The one that sparked me waxing nostalgic and possibly moronic is "Ode to a Jukebox" where Joni Tevis talks about the old style jukeboxes and how one "exercises authority" by making selections.
As she says, "Like calling a radio station to dedicate a song--an act that feels very old-fashioned now--choosing a number on a jukebox gives you a brief share in the tune's ownership. You didn't write the music or words, but you selected it over the others, and changed the evening from what it would have been into what it became by giving it a soundtrack. Exercising your authority over song and community takes only a quarter" (82).
The jukebox that I connect with was the one in the front room of the Flamingo bar in Kirksville, Missouri. That's right, a bar named the "Flamingo" in northeastern Missouri. A pinkish hued bird native to Florida taken as the symbol for a bar in the Show Me State sense does not make. But what the hell. Bar owners, especially one like Irene, are not usually known for their poetic prowess.
But we went to the "O" for cheap drinks and because it wasn't crowded, at least initially. The bar having college kids patronize the place happened gradually for a while, and then the Flamingo exploded as the hip place to be. We, the Pi Kapps and Phi Lambs, didn't know what to think about that initially. For a long time it was a "townie bar" with some frat guys hanging out from time to time or becoming regulars.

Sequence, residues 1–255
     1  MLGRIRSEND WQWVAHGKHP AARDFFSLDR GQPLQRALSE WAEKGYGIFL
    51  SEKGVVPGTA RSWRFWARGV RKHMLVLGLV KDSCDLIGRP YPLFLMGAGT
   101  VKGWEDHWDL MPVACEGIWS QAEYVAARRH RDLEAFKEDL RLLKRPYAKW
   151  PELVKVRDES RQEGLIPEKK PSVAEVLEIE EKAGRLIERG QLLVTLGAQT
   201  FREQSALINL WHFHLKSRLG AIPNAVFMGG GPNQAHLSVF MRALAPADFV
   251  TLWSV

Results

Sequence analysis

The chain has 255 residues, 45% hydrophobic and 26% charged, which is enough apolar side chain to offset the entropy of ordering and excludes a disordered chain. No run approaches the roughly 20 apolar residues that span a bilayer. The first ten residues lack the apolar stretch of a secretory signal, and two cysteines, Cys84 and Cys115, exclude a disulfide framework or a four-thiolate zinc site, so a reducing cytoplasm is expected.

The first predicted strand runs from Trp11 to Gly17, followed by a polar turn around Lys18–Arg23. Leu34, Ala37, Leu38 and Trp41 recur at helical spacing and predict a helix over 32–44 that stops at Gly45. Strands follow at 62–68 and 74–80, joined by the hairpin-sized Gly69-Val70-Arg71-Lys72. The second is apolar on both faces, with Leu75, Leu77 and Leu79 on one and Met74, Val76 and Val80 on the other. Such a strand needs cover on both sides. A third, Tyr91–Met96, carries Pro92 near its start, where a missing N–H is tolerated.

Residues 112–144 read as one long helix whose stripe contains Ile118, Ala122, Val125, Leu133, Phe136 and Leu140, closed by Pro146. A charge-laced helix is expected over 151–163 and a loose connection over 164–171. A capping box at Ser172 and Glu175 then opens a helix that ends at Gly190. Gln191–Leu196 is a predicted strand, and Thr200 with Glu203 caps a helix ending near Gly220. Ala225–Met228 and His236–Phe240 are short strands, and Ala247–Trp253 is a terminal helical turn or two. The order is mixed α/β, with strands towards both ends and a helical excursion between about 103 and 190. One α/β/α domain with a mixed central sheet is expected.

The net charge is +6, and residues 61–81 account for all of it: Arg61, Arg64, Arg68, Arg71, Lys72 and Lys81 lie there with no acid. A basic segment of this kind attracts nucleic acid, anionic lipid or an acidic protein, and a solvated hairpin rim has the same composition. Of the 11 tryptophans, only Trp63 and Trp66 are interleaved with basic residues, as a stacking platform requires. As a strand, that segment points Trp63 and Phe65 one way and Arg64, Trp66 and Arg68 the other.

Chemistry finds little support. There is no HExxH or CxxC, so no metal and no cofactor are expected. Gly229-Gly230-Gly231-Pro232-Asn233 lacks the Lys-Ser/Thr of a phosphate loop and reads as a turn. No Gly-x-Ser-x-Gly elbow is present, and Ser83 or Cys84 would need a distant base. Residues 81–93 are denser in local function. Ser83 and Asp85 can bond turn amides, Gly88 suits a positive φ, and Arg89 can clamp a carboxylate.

But I still remember the tunes I connect with the jukebox at the Flamingo because, well, I spent a good bit of time there in my late undergraduate and graduate school days. Hell, some of us up in Kirksville at that time deserve some manner of pseudo-undergraduate certificate for the time we put in there, maybe a University of the Flamingo diploma like folks in northwestern Iowa have the University of Okoboji inside joke with paraphenalia.
So the tunes, right? That's where this post was supposed to headed. I'd have to go with "The Rodeo Song," "John Deere Green," and Patsy Cline's "Crazy" as ones that call out to me from those beer-soaked and pool-shootin' memories.
There are many stories to be told of the exploits and characters at the Flamingo, so perhaps I'll save some of those for other posts. But the jukebox, which was definitely not a top of the line one, played some good tunes.